I had all kinds of fun yesterday watching that gonzo Angels-Tigers game. But really, no one distinguished themselves once it got all ugly. For those who missed it:
- Magglio Ordonez may or may not have shown up Jered Weaver by posing for a home run after he hit it. I actually buy Ordonez’s argument that he was merely watching to see if it went foul — that was my thought as I watched it live — but Weaver obviously felt differently.
- Carlos Guillen then really did pose (and preen and strut and generally act like an ass) after his home run off Weaver.
- Weaver then did the absolutely inexcusable in throwing the next pitch at Alex Avila’s head. Really, no excuse whatsoever. You could end a guy’s career with that kind of crap. Or worse. If I was in charge I’d suspend Weaver 20 games for that.
- Erik Aybar bunted in an effort to break up Verlander’s no-hitter. This is a fun one. On the one hand, yes, it’s an alleged violation of the unwritten rules to do this. And maybe I agree if it’s a 9-0 game, but this was a close game and Aybar came around to score, so no worries. Except, isn’t it possible that the play can both be defensible against charges of an unwritten rule violation but also be kind of a dick move? I bet the Angels wanted to mess with Verlander and get a guy on base and were content to do both at the same time. So while I don’t care if he bunted, let’s not pretend that it was a purely tactical move.
- Oh, and Aybar’s “reached on an error” should have been a single. Only a hometown official scorer gives Verlander a throwing error in that situation. Didn’t matter given that the no-hitter was broken up on a clean single, but it’s still worth noting.
- And of course Aybar threw an elbow at Verlander as he crossed home plate.
Add in all of the in-game and post-game beefing from these guys — I counted at least three F-bombs yelled from players during the game — and we have a game in which everyone came off badly.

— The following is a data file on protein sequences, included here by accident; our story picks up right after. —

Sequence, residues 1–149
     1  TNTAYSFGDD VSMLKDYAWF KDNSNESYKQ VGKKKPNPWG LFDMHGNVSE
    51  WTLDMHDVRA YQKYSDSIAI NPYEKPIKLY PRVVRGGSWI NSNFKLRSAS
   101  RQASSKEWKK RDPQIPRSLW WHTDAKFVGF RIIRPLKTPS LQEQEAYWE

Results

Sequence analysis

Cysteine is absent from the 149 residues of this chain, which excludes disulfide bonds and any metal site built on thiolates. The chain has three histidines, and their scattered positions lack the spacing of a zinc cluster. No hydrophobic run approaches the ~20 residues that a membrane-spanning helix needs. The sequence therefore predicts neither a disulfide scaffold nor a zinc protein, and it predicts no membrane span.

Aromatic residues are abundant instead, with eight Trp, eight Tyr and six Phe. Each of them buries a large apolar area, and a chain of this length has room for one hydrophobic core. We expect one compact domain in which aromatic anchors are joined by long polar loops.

The worst thing of all, though? These two teams don’t play each other again until next year. Sigh.
The Cubs had a nice night last night. Javier Baez finally broke his hitless streak with not one but two homers. Willson Contreras hit a nearly 500-foot homer. Jake Arrieta, possibly pitching for the last time as a Cub, dug down for a gutsy performance, pitching into the seventh inning, working around some walks to allow only one run while striking out nine.
After the game, Cubs players sounded hopeful notes about believing in themselves, taking them one game at a time, getting the series back to L.A. for a Game 6 and Game 7. They’re professional athletes who know better than any of us that to achieve a thing you have to believe you can achieve that thing, so it’d be dumb to expect anything else from them in this situation. Ballplayers, quite admirably, don’t sound a note of defeat until they are actually defeated.
But let’s be realistic there: they’re still a dead team walking.
- They’re dead because, as we have been reminded oh so many times, only once in 35 tries has a team come back to win a seven game series in which they’ve found themselves down 0-3. That team did so because Dave Roberts worked some magic. Dave Roberts is working for the other team now.
- They’re dead because their biggest weakness this postseason — their bullpen — is not going to have its best pitcher, Wade Davis, available today in Game 5 after throwing 48 pitches in Game 4.
- They’re dead because while the Dodgers used five relievers last night, none of them were worked particularly hard and neither Brandon Morrow nor Kenley Jansen were used at all, allowing them to come in and work hard and heavy tonight if need be.
- They’re dead because the man on the mound to start tonight’s game is Clayton Edward Kershaw. Yes, he has had some less-than-glory-filled moments in the postseason in recent years, but all of those have come at the tail end of starts, when his managers have left him in perhaps an inning too long. See the above bullet point — and Dave Roberts’ early hook in Game 1 — if you think that’ll be a problem tonight.
The Dodgers lost last night, yes, but it was their first loss in the postseason. All teams have lost at least one postseason game since it went to the three-round format, so it was likely inevitable that L.A. would drop one. Heck, maybe they’ll drop two before the NLCS is over, but they’re not going to drop the next three in a row.
Last night’s Cubs win was nice for them, but it only delayed the inevitable.